April 23, 2008

The Media War

MABB © ®

The current power struggle taking part in Bolivia is playing, literally, before the eyes and ears of the people. The day I arrived in La Paz, I turned on the TV and discovered that the cable service has nothing to envy to those in the US or Europe. In my hotel room I have the choice of over a hundred channels, in French, German, English, Portuguese and Spanish. Flipping through, I discovered that Bolivia has come a long way from the around eleven channels I knew when I lived here. What I quickly realized, however, is the media war taking place right before my eyes.

The most important sources of information for people are, I think, television, radio and newspapers. This is in order of importance. Now someone might pull some statistics and try to argue with me, but that is ok. This is just my opinion. The first flips through the gamma of Bolivian channels made me realize an important part of this struggle was taking part there. Almost every channel, and I say almost, because I am still not sure I visited every channel originating in Bolivia, has propaganda showing how the other side is wrong and the own side is right. This is pretty much, as one might expect it, divided regionally. The channels originating in Santa Cruz, are showing spots on how the autonomic statute is best for Bolivia. They almost always say that because of the statutes Bolivia will develop and will unite. Whereas, in the channels being broad casted from La Paz and El Alto, the spots show how the same statutes are bad for Bolivia because they only benefit the rich and will divide Bolivia.

The government and the opposition must be spending large amounts of money to produce these propaganda. It seems to me that in La Paz, we see more of the government's side. I don't know yet how is it in Santa Cruz. My guess is that the opposition side is more prevalent there. Although, theoretically one can watch any channel one wants. I am just not sure. However, what I am observing is that the government has put a lot of effort and money in organizing a large media campaign to drive "inform the public". There are spots showing the good sides of the government's constitution. For example, there is a woman who, in very colloquial paceno accent, is worried about some of the rumors she hears against the constitution. She repeats these to another woman or man, who in a more calmed and informed-sounding voice, corrects the woman and tries to calm her. Finally, the woman takes the printed version of the government's constitution, reads it and convinces herself that her fears are unfounded.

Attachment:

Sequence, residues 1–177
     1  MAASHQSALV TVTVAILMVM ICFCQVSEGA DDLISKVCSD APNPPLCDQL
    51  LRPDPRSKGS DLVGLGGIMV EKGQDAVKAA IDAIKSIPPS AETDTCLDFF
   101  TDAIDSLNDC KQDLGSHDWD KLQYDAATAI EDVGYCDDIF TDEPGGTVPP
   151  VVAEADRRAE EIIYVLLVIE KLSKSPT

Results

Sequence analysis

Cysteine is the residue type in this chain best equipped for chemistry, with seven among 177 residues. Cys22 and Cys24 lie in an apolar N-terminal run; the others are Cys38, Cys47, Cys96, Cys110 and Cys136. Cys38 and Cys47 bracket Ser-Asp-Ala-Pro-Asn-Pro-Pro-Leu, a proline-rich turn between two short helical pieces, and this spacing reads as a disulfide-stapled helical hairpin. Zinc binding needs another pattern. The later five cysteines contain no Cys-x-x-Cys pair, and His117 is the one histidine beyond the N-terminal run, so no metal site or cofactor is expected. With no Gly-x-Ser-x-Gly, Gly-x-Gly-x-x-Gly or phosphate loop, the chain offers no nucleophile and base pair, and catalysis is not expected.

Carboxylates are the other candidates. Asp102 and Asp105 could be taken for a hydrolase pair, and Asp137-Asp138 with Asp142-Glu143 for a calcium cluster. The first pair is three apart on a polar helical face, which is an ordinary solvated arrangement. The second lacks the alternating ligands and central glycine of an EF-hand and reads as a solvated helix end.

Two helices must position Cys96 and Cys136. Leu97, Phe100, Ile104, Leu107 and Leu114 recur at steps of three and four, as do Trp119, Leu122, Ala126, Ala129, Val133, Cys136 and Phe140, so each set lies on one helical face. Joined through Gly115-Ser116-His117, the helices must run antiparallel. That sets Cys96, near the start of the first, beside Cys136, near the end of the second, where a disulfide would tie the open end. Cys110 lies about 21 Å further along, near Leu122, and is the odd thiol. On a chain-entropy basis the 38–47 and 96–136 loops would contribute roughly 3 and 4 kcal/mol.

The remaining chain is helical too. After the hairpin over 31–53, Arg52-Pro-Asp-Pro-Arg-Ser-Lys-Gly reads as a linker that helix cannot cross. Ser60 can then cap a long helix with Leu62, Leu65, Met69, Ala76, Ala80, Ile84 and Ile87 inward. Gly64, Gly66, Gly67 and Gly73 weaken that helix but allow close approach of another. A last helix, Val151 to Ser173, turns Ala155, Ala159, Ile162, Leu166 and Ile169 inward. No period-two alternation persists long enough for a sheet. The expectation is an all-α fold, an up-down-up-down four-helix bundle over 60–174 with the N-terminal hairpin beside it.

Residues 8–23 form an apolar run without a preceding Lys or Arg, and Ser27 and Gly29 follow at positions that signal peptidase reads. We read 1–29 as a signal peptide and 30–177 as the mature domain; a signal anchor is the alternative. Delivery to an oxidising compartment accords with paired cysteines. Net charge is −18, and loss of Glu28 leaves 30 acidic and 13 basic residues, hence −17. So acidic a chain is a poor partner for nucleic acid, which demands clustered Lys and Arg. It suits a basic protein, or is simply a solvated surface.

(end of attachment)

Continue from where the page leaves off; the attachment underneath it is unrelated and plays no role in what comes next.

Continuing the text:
Another form of propaganda are the so called opinionated news casts. These are newscasts directed by an anchorman or woman who instead of giving just the facts, he or she introduces the news report with a commentary. This form of newscast is common in Germany, but the form it takes in Bolivia is extreme. Some anchors in some channels hold five minute monologues advancing the government's position and criticizing the opposition's actions. Some anchors go even further and engage in personal attacks against people from the opposition.

A third form of propaganda takes place in the radios. There are lots of programs which receive calls from people. The thing is that the critique I hear is mostly directed to the opposition. Ok, yes, the chances are great for this kind of criticism to be heard because La Paz is the stronghold of the government's supporters. But, it is still strange not to hear one voice supporting the opposition.

The same can be said for the channels supporting the opposition. The spots show how good autonomy will be for Bolivia. Other spots show how bad some government policies are. For example, the recent problem over the export of cooking oil. The opposition's channels say that the government wants to control prices or show how the prohibition of exports results in unemployment.

The newspapers are more or less the same. There are those which support the government and those which support the opposition. I think this media war is not entirely without consequences. It tends to misinform the public opinion rather than inform it. And the readiness of some media outlets to lend themselves to this kind of practice is astounding to me.